Business Model 

The Group will continue to focus on its strength and expertise, which is planting more oil palms and production of CPO. This includes replanting old palms with low yield, replacing old rubber trees with palm trees and building more mills to process the FFB. The Group has, over the years, created value to shareholders through expansion in a responsible manner.

 

The Group remains committed to use its available resources to develop the land bank in Indonesia as regulatory constraints permit. The Indonesian government has, in recent years, passed laws to prioritise domestic investments and to limit foreign direct investments over national interest, including a limit of 20,000 ha per province and a national total of 100,000 ha on the licensed development of oil palms for companies that are not listed in Indonesia or with less than a majority local ownership.

 

The Group's objectives are to provide returns to investors in the long-term from its operations as well as through the expansion of the Group's business, to foster economic progress in localities of the Group's activities and to develop the Group's operations in accordance with the best corporate social responsibility and sustainability standards.

 

We believe that sustainable success for the Group is best achieved by acting in the long-term interests of our shareholders, our partners and society.

 

Our Strategy

One of the Group's objectives is to provide an appropriate level of return to the investors and to enhance shareholder value. Profitability, however, is very much dependent on the CPO price, which is volatile and is determined by supply and demand as well as the weather. The Group believes in the long-term viability of palm oil as it can be produced more economically than other competing oils and remains the most productive source of vegetable oil in a growing population. Soybean crops would require up to ten times as much land to produce an equivalent weight of palm oil. It has been reported that one hectare of land can produce up to 4 mt of CPO, much higher than rapeseed of 0.7 mt, sunflowers of 0.6 mt or even soybeans of 0.4 mt. In this regard, palm oil is far more sustainable than other edible vegetable oils.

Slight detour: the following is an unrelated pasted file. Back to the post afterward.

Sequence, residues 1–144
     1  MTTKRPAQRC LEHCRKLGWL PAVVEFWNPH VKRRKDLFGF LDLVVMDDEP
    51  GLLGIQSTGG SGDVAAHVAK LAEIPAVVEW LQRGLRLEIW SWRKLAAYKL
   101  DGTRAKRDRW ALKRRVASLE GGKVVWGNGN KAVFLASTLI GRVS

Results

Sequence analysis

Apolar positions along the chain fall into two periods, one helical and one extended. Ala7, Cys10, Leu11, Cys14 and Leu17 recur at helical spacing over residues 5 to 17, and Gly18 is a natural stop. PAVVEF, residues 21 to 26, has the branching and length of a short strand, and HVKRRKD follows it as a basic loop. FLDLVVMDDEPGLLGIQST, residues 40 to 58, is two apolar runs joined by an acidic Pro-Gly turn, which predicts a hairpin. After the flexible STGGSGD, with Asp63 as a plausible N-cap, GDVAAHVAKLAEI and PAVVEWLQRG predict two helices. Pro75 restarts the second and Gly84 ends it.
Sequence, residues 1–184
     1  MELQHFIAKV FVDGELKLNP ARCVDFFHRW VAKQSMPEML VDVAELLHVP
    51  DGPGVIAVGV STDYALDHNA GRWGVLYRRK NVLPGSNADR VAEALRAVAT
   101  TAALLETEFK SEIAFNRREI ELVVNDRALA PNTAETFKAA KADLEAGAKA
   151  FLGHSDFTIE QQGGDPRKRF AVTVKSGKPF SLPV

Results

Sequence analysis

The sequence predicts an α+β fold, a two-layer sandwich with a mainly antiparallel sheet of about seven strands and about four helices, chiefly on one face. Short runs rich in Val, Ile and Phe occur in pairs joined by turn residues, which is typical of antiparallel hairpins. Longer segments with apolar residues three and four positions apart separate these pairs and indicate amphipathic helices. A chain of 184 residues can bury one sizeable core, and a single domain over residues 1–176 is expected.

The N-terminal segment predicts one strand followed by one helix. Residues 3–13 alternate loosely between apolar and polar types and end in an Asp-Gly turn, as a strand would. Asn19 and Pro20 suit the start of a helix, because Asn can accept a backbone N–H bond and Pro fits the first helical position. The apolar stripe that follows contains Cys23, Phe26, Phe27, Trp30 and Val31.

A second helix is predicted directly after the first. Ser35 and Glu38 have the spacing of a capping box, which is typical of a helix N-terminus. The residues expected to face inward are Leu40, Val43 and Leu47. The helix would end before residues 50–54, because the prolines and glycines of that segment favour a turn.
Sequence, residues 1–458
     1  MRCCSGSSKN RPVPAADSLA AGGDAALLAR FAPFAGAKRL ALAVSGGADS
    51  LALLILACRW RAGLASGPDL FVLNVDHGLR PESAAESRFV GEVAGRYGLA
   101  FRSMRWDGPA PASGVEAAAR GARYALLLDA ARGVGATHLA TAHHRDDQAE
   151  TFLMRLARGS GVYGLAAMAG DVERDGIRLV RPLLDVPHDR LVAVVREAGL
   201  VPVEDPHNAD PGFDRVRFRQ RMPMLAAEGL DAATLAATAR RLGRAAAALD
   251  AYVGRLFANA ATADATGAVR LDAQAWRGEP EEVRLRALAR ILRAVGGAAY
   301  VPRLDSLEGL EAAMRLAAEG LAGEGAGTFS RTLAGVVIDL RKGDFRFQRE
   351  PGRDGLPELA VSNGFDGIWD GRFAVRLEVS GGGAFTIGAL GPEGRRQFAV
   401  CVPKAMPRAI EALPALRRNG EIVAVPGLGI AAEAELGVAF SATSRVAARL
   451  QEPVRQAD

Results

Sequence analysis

The Group's strategies, therefore, focus on maximising yield per hectare above 22 mt/ha, minimum mill production efficiency of 110%, minimising production costs below $300/mt and streamlining estate management. For the year under review, the Indonesian operations achieved an FFB yield of 19.8 mt/ha, 155% mill efficiency and production cost of $296/mt. This compared favourably to 2020 where the Group achieved a yield of 18.9 mt/ha, 133% mill efficiency, except for production cost which was lower at $280/mt. Despite stiff competition for external crops from surrounding millers, the Group is committed to purchasing more external crops from third parties at competitive, yet fair prices, to maximise the production efficiency of the mills. With higher throughput, the mills would achieve economies of scale in production. A mill is deemed to achieve 100% mill efficiency when it operates 16 hours a day for 300 days per annum.